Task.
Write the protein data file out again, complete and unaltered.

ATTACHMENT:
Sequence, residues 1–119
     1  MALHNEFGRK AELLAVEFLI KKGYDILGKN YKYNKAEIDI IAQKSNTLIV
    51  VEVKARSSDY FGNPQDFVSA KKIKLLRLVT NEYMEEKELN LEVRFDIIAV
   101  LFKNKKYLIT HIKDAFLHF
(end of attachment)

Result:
Sequence, residues 1–119
     1  MALHNEFGRK AELLAVEFLI KKGYDILGKN YKYNKAEIDI IAQKSNTLIV
    51  VEVKARSSDY FGNPQDFVSA KKIKLLRLVT NEYMEEKELN LEVRFDIIAV
   101  LFKNKKYLIT HIKDAFLHF